Emmanuel Sztein

Штейн, Эммануил

Essayist, writer

Born Bialystok, 17 July 1934

Died Orange (Ct), 3 October 1999


Emmanuel Sztein was born in 1934 in the Polish city of Bialystok. In 1940, he and his parents, Jewish artists, managed to escape from the Warsaw ghetto to the Soviet Union. In 1961 he returned to Warsaw, where he taught Russian literature and history at Warsaw University and qualified in chess (he did not become a grandmaster, he did become a master). He was arrested in 1966 for an article describing the actual circumstances of the murder of Polish officers in Katyn and imprisoned for a year. In the prison library was a large amount of Russian emigrant literature, which Sztein eagerly read and which encouraged him to delve deeper into this hitherto barely explored terrain. After his release, Sztein emigrated with his wife to the United States. He taught at Yale University for some time and became the press attaché of the Russian chess player Viktor Kortsnoi. Soon after arriving in the USA, he began concentrating on gathering data on Russian emigration, in particular on everything related to the book editions of the Russian writers and poets who had dispersed all over the world after the Revolution and the Second World War. He not only collected data on these editions in libraries in America and Western Europe, but also tried to get hold of as many as possible, so that what would otherwise be lost would be preserved as many editions were published in small editions and by unknown authors for whom there was hardly any interest. His collection of works by important as well as almost unknown Russian emigré poets would eventually include some 600 names. In 2004 his collection became part of the LS Collection in the Van Abbemuseum in Eindhoven (NL)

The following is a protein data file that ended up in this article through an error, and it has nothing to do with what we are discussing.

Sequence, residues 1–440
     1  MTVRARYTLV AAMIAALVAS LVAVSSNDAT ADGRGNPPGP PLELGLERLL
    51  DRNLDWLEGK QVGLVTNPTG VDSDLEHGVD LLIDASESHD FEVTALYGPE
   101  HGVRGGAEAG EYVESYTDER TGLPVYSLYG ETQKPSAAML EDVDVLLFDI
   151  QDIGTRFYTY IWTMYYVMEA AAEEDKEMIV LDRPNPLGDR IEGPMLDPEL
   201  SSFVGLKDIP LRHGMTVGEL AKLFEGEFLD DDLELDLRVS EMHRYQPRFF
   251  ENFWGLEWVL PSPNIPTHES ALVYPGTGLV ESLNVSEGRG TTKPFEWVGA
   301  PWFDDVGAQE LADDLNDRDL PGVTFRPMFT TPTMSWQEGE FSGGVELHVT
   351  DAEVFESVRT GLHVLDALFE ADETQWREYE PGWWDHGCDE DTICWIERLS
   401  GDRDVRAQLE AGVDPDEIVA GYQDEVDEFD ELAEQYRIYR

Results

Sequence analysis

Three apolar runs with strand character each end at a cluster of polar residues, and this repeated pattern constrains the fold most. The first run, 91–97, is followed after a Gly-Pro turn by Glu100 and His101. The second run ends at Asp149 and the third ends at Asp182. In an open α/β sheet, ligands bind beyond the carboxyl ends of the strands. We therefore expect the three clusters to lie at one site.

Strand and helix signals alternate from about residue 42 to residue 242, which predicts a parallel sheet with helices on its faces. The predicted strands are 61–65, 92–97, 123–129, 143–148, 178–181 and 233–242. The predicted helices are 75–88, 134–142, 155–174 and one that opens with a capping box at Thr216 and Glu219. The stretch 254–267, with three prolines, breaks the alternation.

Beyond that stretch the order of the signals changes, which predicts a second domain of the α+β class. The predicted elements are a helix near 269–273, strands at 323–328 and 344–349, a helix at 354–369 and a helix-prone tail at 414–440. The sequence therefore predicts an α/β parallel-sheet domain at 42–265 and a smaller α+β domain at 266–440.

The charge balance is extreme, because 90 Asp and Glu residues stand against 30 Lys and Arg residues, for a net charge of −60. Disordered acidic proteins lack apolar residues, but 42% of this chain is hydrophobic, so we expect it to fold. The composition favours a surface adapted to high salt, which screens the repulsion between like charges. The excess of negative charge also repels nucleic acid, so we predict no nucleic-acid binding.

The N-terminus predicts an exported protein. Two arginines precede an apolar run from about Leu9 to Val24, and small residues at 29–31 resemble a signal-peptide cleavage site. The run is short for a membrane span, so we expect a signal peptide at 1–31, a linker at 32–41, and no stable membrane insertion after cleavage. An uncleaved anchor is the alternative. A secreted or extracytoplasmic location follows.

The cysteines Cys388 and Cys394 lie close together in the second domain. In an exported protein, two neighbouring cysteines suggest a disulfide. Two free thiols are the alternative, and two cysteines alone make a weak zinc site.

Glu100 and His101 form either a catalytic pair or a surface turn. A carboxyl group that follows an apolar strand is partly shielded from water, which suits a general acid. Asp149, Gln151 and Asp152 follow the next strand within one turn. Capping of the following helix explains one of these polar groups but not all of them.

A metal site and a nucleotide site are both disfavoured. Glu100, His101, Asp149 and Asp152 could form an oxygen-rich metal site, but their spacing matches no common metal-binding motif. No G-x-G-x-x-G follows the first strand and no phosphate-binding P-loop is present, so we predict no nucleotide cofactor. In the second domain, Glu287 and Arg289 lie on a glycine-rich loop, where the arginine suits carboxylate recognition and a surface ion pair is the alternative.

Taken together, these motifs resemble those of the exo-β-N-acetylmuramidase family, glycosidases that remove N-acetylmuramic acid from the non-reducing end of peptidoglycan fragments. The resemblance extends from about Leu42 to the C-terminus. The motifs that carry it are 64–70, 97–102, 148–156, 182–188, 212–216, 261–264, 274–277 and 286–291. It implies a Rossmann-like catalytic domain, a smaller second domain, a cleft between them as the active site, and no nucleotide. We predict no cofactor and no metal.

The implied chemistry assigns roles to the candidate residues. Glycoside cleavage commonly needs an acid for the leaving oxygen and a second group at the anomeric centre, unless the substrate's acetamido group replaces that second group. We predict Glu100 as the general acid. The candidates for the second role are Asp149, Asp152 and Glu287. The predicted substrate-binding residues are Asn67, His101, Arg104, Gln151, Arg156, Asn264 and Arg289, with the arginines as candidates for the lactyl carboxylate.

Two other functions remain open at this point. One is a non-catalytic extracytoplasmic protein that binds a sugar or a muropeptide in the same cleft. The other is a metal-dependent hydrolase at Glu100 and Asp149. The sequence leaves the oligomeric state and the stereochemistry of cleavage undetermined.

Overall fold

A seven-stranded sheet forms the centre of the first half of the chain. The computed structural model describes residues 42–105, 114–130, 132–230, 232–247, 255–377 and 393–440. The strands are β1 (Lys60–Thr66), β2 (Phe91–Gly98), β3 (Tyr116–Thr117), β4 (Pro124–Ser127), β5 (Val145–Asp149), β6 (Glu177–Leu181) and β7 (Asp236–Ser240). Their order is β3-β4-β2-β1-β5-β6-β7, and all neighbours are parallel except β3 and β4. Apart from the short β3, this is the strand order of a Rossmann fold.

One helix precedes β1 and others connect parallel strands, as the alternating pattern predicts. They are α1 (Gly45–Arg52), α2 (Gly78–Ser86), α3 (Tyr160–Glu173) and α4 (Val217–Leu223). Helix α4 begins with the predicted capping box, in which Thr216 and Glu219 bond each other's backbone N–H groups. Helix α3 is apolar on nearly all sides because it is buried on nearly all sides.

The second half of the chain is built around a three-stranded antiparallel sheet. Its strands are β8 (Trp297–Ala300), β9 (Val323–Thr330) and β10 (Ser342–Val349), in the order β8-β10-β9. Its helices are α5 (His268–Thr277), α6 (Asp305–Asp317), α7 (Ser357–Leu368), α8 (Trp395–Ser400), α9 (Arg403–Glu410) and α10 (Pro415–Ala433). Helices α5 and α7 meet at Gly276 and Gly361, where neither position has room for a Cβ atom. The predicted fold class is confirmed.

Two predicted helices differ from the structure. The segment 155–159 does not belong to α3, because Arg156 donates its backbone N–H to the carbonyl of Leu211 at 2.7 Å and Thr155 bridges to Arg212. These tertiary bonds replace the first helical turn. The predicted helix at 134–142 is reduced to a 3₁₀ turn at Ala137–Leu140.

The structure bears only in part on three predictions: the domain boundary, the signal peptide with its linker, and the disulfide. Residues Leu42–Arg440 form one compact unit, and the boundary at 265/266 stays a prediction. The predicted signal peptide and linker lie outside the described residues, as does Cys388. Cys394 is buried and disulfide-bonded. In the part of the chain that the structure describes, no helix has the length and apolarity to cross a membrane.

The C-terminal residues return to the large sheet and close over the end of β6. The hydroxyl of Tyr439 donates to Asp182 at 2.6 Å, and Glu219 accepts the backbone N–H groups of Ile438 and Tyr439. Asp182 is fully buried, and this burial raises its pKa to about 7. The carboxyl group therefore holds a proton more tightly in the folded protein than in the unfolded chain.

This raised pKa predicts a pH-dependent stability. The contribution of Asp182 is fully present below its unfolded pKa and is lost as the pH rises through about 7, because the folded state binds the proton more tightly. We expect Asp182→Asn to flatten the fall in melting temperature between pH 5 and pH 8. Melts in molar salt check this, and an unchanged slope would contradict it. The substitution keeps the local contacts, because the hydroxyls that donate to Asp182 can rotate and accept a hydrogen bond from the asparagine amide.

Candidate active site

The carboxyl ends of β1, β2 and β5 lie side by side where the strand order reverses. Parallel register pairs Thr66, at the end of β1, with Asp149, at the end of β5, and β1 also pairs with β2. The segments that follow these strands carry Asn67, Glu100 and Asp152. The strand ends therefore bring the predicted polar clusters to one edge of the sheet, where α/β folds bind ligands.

the sztein collection of poetry in the russian emigration













Part 1


russian poets in the emigration



Part 2





Part 3


almanacs - anthologies - compilations




(in Dutch)



russische emigrantenpoëzie in de ls collection

Willem G. Weststeijn